My own experience may be a little help to you just here. In my college career I had three roommates. Two of them proved to be gentlemen of the first water, Christian gentlemen. And it is scarcely possible for a man to be a gentleman without being a Christian. I found in them everything that I could hope to find in the way of gentlemanly deportment, companionship and mutual help. And as a result of it I carry a delightful remembrance of them which I think will never end while eternity passes. They both have long since gone to the "kingdom of love where the soul wears its mantle of glory"; but the remembrance of them is a treasure in my mind that helps me now, as it helped me then. They were true steel; and, whether I was iron or steel, they sharpened my countenance, and I trust that I sharpened theirs. That is a blessed experience. There is scarcely anything in the life of a young man more delightful than such companionship.
My other roommate was habitually the best dressed young man in the college. He was a man of elegant manners. He had been reared in an eminent family. He was athletic and greatly admired by the ladies. I had no fault to find with him in our general intercourse in the room. But he turned out to be a thief. He knew that I had received some money in bank bills, as money was sent in those days before the invention of money orders. He knew that I had it put away, and he knew my hiding place. One day I missed it. I hunted everywhere for it but could not, find it, I told my friends of my loss. It came to be the common talk about McGarvey losing his money. A shrewd young man in the next room to ours said to me one day, "Mac, I can tell you where your money is". I said, "Where?" "Pete has it". I said, "What makes you think Pete has it?" He said, "Be-cause I can see it in his face every time anything is said about it." He was so positive about it that I took his suggestion and we went into his trunk, and sure enough we found the very bills that had been sent to me. That was evidence too plain to be doubted. Now the question was, What was to be done. Should I go on being the roommate of a thief? And if it ever came out, as such things will, shall I be known to have roomed a certain length of time knowingly with a thief? And shall the college, if the matter comes to the faculty as it certainly will sooner or later, can the college afford to harbor a thief? If he is expelled it will come to his father and mother.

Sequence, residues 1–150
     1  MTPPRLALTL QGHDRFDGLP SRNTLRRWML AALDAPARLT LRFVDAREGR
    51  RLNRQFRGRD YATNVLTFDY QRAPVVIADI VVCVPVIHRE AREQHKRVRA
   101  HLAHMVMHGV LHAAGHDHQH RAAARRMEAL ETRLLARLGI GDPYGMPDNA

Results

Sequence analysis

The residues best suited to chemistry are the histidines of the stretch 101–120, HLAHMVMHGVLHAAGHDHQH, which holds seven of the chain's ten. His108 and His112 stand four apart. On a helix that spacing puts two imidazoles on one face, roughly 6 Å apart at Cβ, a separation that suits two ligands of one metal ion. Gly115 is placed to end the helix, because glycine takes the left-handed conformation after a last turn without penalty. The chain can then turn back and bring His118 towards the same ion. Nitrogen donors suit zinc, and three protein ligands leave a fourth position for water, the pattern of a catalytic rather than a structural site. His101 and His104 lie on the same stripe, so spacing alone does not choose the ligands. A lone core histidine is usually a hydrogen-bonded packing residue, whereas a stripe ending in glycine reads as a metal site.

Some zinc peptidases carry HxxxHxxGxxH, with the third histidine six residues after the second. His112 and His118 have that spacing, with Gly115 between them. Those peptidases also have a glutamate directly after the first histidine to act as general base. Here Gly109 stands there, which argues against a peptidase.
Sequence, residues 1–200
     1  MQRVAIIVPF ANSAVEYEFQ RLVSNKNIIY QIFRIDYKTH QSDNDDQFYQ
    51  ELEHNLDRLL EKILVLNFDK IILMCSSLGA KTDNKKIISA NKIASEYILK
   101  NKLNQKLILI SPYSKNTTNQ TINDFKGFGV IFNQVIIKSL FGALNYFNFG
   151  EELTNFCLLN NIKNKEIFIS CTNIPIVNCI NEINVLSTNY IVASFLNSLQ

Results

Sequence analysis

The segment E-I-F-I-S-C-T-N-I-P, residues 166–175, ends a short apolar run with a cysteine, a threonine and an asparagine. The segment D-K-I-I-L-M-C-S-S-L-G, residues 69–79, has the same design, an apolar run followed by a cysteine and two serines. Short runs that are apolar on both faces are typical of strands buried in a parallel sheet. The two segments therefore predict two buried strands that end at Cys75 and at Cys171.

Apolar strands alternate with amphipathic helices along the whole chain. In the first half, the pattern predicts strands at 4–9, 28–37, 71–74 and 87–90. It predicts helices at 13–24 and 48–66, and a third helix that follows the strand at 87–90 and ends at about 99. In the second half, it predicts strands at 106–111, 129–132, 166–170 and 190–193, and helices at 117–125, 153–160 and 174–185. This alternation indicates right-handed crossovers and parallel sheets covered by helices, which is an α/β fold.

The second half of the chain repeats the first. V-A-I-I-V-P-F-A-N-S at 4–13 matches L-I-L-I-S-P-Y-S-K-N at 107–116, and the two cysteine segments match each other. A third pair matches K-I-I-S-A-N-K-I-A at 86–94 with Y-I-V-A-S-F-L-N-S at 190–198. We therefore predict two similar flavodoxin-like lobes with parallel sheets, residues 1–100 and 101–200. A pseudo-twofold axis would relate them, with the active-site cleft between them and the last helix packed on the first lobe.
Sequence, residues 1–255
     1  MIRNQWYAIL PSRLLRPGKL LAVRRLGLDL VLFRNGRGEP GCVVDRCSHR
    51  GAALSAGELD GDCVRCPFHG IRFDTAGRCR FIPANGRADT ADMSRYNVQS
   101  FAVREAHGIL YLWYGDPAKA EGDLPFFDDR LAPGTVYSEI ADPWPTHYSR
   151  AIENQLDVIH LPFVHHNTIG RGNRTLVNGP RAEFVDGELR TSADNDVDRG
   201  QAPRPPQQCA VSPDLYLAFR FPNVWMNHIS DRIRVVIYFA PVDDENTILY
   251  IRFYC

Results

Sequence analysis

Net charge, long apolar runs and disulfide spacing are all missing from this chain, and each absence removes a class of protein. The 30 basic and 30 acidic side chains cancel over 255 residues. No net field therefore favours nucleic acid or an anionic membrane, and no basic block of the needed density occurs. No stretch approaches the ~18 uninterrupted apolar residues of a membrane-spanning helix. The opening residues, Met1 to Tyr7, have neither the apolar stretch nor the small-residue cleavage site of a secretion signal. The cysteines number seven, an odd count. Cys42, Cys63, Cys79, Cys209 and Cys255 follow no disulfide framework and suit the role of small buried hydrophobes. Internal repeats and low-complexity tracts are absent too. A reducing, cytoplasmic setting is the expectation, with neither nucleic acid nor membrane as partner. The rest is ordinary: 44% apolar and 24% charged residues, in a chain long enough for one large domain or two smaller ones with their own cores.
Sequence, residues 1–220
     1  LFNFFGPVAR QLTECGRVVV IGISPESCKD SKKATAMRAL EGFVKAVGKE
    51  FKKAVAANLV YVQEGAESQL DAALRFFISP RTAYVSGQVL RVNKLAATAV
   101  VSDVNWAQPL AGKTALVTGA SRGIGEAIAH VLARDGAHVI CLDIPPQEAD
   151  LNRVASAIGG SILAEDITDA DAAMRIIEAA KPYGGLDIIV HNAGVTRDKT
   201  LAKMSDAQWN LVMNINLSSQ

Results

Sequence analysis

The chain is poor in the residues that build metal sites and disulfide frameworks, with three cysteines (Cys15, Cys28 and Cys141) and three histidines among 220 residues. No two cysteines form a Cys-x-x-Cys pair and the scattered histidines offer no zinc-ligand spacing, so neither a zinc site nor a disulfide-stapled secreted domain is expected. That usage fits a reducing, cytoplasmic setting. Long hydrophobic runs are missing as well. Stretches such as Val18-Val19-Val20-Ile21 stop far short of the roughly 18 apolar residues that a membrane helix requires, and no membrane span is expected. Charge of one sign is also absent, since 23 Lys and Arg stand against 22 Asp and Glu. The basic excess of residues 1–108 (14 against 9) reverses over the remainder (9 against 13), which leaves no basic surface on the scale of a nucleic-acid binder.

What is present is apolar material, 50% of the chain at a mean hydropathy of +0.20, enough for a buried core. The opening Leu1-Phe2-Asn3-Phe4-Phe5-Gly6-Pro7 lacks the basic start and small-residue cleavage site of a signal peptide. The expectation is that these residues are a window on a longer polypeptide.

After advising with one of the professors, my friend and I decided that the best way was to take the money and then confront him with the theft; and that I should do it. He was able to have whipped me: but, relying on the old adage that a thief is a coward, I decided to undertake it. He was out when I went to our room. I sat down and waited for him. When he came in I locked the door, and made the charge. I was relieved to see that he did not get mad and show fight. At first he denied it, but when he saw what the evidence was, he confessed. And 0, the mortification and shame that filled that man's countenance when he learned that he was known to have stolen his roommate's money! I told him that for the sake of his family I would not expose him; that I would keep it a secret as long as I could. I thought here was a case like some that the apostle Paul dealt with; there must be a separation. He must go home that very day-not allow the sun to go down on him in Bethany, for fear that the knowledge of the theft might come to some officer of the law who would have him arrested and tried for the penitentiary. In the second place, on account of his family. If this should come to the knowledge of the faculty and he should be expelled from college for stealing his roommate's money, what a shock it would be his father and mother. He saw the wisdom of my advice and he left college that afternoon. I do not recollect that I have ever heard from him since. I do not know whether he is alive or dead. This is an example in which separation without any compromise was imperative. With the other two a mutual friendship was established, the memory of which will live as long as life shall last and on into eternity. I counsel you, then, every one of you who has a roommate, to cultivate that kind of association one with the other. If you forget all the advice that I shall give you while you are here, and all that Brother Crossfield will give you, remember this, and you will thank God and thank us for trying to put this into your minds, and will congratulate yourselves for putting it into your daily lives.
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My subject this morning is, A Grade of Ninety. No apostle gives encouragement to a personal or selfish ambition. On the contrary, all inspired teachers enjoin humility as a cardinal virtue and teach us that in honor we should prefer one another. Yet the apostle Paul in his greatest epistle says to the brethren, "Take thought for things that are honorable in the sight of all men". Now one of these things is a high grade of scholarship during your college career. That is honorable in the sight of your professors, it is honorable in the sight of your fellow students, and it is honorable in the sight of all now and hereafter who may know of it. It is honorable because it gives proof of faithful, industrious labor, and proof of fair mental capacity. It is honorable when you are through with your college labors, because it also gives promise of success and usefulness in time to come. You can not very easily over-estimate the value of a good grade of scholarship all through your .college course, both for the value of that which secures it, and for the promise it gives through all life to come.